London – There’s More to the Sqaure Mile Than a Bunch of Bankers

I had a couple of meetings in the City yesterday, so rather than waste the hour or so in between appointments I did some exploring.

This is the Monument to the Great Fire of London. appropriately it stands at the junction of Monument Street with Fish Street Hill.

The Monument

Designed by the then Surveyor General Sir Christopher Wren and his assistant, the microscope pioneer Robert Hooke, at 61 metres it’s the tallest isolated stone column in the world. It was built between 1671 and 1677 . At its base there is a bas relief of the destruction of the City by the Great Fire in 1666, by Caius Gabriel Cibber, who also sculpted Soho Square’s statue of Charles II in the West End. Given my dodgy knees and hypertension I passed on the opportunity to climb the 311 stairs to the top and view London from within the suicide cage, that was installed in the mid 19th Century.

I am constantly amazed by what I find out about people like Wren, Hooke and their contemporaries like Sir Isaac Newton and Sir Edmund Halley, they were men of such diverse ability, vision and energy, turning their hands to architecture, astronomy, biology and other sciences. Little wonder the period they ushered in was known as the Enlightenment.

At the bottom of Fish Street Hill is Lower Thames Street and the Church of St Magnus the Martyr.

The Spire of St Magnus the Martyr

There had been a church of this name on the site for hundreds of years before the Great Fire of London cleared much of the area. St Magnus the Martyr was only 300 metres away from the bakery of Thomas Farriner in Pudding Lane, where the fire started. The present church was designed by Sir Christopher Wren and the building was completed around 1676. The interior is quite beautiful but unfortunately the light was too poor to get a decent photograph of the alter or the magnificent pipe organ. I did however get this shot of the window showing St Magnus himself . It’s one of four stained glass windows that were designed by Lawrence Lee and installed between 1949 and 1955 replacing those destroyed by enemy bombing during World War II.

St Magnus the Martyr

St Magnus himself was an Earl of Orkney who was executed after being captured by his cousin in 1116. He had a reputation for being pious and gentle  and was canonised in 1135. there is also quite a sweet wooden ststue of him inside the church, complete with horned Viking  helmet.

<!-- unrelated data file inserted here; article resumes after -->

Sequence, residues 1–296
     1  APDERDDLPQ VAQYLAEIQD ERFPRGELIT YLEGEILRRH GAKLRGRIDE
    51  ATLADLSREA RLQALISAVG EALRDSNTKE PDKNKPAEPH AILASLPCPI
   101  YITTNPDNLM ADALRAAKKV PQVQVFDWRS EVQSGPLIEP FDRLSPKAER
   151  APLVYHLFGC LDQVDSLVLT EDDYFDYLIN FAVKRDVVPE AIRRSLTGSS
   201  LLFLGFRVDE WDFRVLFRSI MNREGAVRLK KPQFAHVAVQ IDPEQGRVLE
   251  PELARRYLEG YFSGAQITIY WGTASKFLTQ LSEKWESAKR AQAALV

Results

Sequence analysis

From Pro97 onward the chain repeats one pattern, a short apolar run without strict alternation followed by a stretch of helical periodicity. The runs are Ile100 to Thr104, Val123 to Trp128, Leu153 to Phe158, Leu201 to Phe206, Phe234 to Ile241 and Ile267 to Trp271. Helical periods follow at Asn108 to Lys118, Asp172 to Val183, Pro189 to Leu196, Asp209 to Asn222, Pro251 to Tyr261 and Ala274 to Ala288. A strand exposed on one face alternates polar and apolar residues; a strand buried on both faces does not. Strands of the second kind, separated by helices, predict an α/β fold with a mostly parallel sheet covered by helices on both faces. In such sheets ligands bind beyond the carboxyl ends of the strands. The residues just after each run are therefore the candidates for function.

Behind St Magnus is the Thames itself where I got a splendid view of HMS Belfast and Tower Bridge.

Tower Bridge and HMS Belfast

Walking back up towards the Monument I found another Wren church St Mary-at-Hill

St Mary-at-Hill

Actually Wren was responsible for the interior and the east wall, seen above. The other three walls are older medieval structures. On entering the church the smell of fish assailed my nostrils, which I thought was a bit odd, until I discovered that the Eucharist of the Harvest of the Sea was being celebrated inside. St Mary-at -Hill was one of the parish churches for the old Billingsgate Fish Market that used to operate from Lower Thames Street. I didn’t want to disturb the congregation by poking around, so I left them to it and continued on to Ledenhall Market in Gracechurch Street

Ledenhall Market

Ledenhall Market, with its ornate wrought iron and glass roof, was designed by Horace Jones who also designed London’s Smithfield and Bilingsgate Markets. It opened in 1881 as a fish, meat and poultry market, but is now mostly full of pubs, sandwich bars and restaurants serving city wage slaves. It also served as Diagon Alley in Harry Potter and the Philospher’s Stone. And speaking of things magical I particularly like the Griffins, the symbol of the City of London, that hold the roof up.

City of London Griffin holding up the roof of Ledenhall Market.

If you’d like to see these places the nearest London Underground stations are: Bank on the Northern and Central Lines and Dockland’s Light Railway: and Monument on the District and Circle Lines


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